He filed a petition for reinstatement. The Disciplinary Board found that the crimes he had committed were so severe that he could not meet his burden of proof under the test in Office of Disciplinary Counsel v. Keller, 506 A.2d 872 (Pa., 1986), even after the passage of nearly thirty years. Also, the Board found that he had not expressed remorse for his actions, and that his answers on certain questions were evasive and not credible. The Board recommended that the petition for reinstatement be denied, and the Supreme Court did so by order dated July 6, 2011.
A lawyer seeking reinstatement has the burden of proof under Rule 218(c) of the Pennsylvania Rules of Disciplinary Enforcement to show that he or she has the moral qualifications, competency and learning in law required for admission to practice law in this Commonwealth and that the resumption of the practice of law within the Commonwealth by such person will be neither detrimental to the integrity and standing of the bar or the administration of justice nor subversive of the public interest.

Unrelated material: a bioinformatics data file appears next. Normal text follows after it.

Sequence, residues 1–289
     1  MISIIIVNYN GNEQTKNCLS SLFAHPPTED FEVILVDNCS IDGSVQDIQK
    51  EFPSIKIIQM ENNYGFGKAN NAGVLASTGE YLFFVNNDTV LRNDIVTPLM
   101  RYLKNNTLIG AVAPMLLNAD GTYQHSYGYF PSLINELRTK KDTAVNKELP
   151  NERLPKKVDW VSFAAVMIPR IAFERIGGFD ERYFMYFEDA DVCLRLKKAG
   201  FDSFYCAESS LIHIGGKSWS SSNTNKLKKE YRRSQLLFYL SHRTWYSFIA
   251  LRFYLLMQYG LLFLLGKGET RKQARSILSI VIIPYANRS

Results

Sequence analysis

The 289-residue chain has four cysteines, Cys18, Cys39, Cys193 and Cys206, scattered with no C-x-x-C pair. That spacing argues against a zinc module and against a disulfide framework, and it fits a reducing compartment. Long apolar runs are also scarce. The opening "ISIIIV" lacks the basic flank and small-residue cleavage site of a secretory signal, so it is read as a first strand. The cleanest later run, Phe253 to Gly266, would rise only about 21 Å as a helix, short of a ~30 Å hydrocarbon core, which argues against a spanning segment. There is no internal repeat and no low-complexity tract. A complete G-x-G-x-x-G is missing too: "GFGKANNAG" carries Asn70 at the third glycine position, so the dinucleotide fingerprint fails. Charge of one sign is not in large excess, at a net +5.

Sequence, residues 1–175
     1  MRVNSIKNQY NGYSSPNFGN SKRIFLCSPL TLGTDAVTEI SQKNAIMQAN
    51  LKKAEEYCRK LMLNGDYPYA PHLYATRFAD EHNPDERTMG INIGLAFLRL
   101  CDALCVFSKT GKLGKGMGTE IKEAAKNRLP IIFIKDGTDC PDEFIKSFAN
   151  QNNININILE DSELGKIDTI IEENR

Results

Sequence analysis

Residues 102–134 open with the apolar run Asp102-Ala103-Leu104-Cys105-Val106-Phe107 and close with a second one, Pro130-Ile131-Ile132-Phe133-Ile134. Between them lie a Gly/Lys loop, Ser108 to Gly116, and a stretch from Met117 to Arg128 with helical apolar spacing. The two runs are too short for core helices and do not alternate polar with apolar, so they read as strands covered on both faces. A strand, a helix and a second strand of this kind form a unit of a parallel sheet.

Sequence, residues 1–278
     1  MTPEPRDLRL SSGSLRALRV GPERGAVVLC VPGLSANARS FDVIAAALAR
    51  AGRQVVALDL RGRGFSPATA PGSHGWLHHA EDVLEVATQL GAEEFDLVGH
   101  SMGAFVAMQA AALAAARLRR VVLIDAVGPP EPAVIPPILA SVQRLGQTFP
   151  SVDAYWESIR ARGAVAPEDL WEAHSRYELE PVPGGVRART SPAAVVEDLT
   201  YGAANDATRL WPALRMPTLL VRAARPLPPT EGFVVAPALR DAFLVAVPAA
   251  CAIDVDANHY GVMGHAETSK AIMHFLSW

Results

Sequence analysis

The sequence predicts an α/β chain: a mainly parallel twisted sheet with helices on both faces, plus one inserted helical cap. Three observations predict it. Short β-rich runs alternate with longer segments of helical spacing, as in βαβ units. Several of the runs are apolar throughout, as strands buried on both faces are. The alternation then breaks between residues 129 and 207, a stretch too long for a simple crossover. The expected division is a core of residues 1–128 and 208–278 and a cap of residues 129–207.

The Recent Discipline docket at the Disciplinary Board reports the following cases:
- Robert Louis Frey agreed to a suspension for three years upon consent, after receiving a large advanced payment of fees from a client and using the money for other purposes without having performed services to earn the fees paid in advance.
- Marvin Galfand and Myrna Galfand, husband and wife, were formerly partners in a firm. After Mr. Galfand was suspended in 2006, he continued to work in the law firm in violation of Rule 217(j), Pa.R.D.E., handled cases as though he were an attorney, and appeared as an attorney in an arbitration proceeding with Ms. Galfand’s knowledge and cooperation. Marvin Galfand was disbarred and Myrna Galfand was suspended for one year and one day.
- Robert Turnbull Hall agreed to a suspension for two years, after admitting a pattern of omitting or mischaracterizing several incidents from a rather colorful past in applications to law schools and to the New Jersey and Pennsylvania bars.
- Jeffry Steven Pearson was suspended for twenty months, after the Disciplinary Board found that he had agreed to take over cases for two disbarred lawyers, but allowed those lawyers to sign his name to documents and continue to practice under his name.